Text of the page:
President, Party Secretary, and Supreme Military Commander Xi Jinping Prepares for Crises Ahead
China’s President Xi Jinping has made extreme changes to the organisation of the CPC’s military (the PLA)
Xi has made a strong move to consolidate all military power in China directly under his own command. Until now, the man who was President and Party Secretary also had nominal control over the PLA. But now Xi has made that control unmistakably real.
Under sweeping changes to the military, the headquarters of the General Staff, General Political, General Logistics and General Armaments departments are being replaced with seven departments, three commissions and five affiliated institutions, state-run CCTV reported on Monday.
The new units will come under the CMC’s [Central Military Command’s] direct control rather than be overseen by one of the headquarters.
Defence ministry spokesman Wu Qian said the agencies would become “advisory, implementation and service bodies to the CMC” __ http://www.scmp.com/news/china/diplomacy-defence/article/1900493/chinese-military-overhaul-tighten-xi-jinpings-grip
Crisis I: China Bubbles are Ready to Pop in Domino Fashion
There are lots of bubbles inside China, largely because both national and local governments have pursued a mix of stimulative policies even as the health of the underlying growth model deteriorated. Massive over-investment in real estate, infrastructure and manufacturing capacity, overvalued stock prices and poorly priced financial assets have created an increasingly toxic and dangerous economic situation inside China, and a rattled government is doing its best to keep the system from imploding…
All over the world, the producers of commodities and manufactured goods have bought into the idea that Chinese demand is a perpetual growth machine. Producers of everything from cotton to copper to soybeans to silicon chips have assumed that double digit growth in China’s appetite for the components of its industrial machine will continue indefinitely—and they have invested to create the capacity to match this inexorably growing demand. From the jungles of Africa and the backwoods of Brazil to the rice paddies of Thailand and the Australian Outback there have been massive investments in mining, agriculture, energy production and infrastructure that assume continuing and even accelerating growth in Chinese demand…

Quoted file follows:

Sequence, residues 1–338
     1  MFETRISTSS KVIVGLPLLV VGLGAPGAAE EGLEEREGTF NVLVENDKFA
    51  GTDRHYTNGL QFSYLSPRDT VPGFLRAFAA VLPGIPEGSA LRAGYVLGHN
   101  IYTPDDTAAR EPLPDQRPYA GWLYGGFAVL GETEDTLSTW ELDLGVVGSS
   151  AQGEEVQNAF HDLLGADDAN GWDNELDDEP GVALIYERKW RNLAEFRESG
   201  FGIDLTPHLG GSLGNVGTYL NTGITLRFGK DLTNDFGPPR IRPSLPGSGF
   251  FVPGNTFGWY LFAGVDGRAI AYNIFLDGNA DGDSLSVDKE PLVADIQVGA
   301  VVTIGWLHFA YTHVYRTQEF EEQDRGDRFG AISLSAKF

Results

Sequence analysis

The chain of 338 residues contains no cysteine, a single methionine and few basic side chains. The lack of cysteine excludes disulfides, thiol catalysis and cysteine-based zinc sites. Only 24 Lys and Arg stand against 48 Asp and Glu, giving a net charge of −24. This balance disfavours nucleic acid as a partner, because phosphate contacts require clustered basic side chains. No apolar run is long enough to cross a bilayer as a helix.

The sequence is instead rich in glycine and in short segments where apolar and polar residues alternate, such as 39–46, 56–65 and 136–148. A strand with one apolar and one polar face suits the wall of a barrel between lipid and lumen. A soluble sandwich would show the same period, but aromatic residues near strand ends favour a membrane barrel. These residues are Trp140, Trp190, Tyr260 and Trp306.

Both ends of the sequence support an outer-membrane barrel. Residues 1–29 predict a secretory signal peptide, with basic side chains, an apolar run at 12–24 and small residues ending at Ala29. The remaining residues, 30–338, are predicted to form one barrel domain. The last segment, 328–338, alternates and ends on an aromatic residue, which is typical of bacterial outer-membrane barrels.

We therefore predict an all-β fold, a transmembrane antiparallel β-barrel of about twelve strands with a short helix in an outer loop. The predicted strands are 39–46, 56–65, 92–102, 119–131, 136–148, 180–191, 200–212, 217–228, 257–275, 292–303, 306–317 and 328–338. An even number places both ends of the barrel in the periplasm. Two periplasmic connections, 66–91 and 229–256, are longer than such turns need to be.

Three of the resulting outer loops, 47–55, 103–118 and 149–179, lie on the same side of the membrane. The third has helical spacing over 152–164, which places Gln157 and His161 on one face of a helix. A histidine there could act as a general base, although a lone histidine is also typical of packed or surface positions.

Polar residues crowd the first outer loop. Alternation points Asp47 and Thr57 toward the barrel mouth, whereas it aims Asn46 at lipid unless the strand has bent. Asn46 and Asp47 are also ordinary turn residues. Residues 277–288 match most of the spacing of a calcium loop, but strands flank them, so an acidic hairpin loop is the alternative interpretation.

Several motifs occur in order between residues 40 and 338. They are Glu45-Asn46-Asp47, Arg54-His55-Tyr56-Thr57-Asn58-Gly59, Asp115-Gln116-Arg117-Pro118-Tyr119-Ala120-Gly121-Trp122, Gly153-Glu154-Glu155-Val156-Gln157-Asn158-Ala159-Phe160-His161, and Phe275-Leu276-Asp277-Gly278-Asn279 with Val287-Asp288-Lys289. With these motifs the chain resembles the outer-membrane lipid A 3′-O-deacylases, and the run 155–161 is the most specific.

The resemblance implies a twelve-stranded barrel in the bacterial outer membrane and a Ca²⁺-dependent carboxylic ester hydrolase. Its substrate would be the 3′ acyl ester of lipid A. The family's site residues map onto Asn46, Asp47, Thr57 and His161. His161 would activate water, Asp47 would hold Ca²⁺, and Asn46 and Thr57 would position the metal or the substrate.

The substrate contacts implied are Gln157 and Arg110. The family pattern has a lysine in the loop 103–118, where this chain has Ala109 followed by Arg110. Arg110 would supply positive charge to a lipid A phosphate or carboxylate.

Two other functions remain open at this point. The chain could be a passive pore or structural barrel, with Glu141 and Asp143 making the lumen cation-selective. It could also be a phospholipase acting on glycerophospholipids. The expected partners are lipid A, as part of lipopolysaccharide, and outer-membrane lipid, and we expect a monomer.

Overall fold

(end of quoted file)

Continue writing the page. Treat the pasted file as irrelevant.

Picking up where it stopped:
We do not yet know whether China’s economy will fall into recession, or how exactly China will manage its mix of overbuilt manufacturing capacity, land speculation, empty apartments, local government debt and over-built infrastructure even as it attempts to move to a more market based economy. We do not and cannot know when all of China’s chickens will come home to roost—and how fast they will be running to get there.
We are looking at the ongoing collapse of China’s internal bubbles, as well as the collapse of the global bubble in commodities and other markets that China’s internal bubbles caused to inflate around the world.
If exporting nations suffer as a result of the collapse of China bubbles, that will be something for them to deal with in one way or another. If China’s people suffer en masse as a result of the CPC’s corruption and manifest economic incompetence, that would be another matter — a matter for Xi’s shiny new security apparatus to deal with.
Crisis II: An Internal China Crisis Would Not Remain Confined to China
One of the main reasons that Xi is consolidating power in the party and its military, is because he understands the potential for China’s internal problems to spill out into the larger world. Keeping tight control over the Chinese provinces, armed forces, and militias will not be enough, if China’s people are pushed to the verge of revolt by economic crises.
China Needs Good Water, Good Soil, and Good Air That It Does Not Currently Have
China has destroyed the quality of its own soil, water, air, and food, in its heedless rush to blow industrial, real estate, and infrastructural bubbles of inferior quality construction. No thought was given to the future need for natural resources of high quality — the rush to accumulate hard assets and the illusion of hard power was too strong. Now that the house of cards is in danger of falling, China must look to new, undefiled resource supplies.
From Beijing’s viewpoint, the best source for new supplies of clean resources is the far east of Siberia, currently under the control of the Russian Federation.
Siberia is as resource-rich and people-poor as China is the opposite. The weight of that logic scares the Kremlin… Siberia – the Asian part of Russia, east of the Ural Mountains – is immense. It takes up three-quarters of Russia’s land mass, the equivalent of the entire U.S. and India put together. It’s hard to imagine such a vast area changing hands. But like love, a border is real only if both sides believe in it. And on both sides of the Sino-Russian border, that belief is wavering.
China never forgets the lands lost to Russia. When the chance comes, China will take back the lands lost.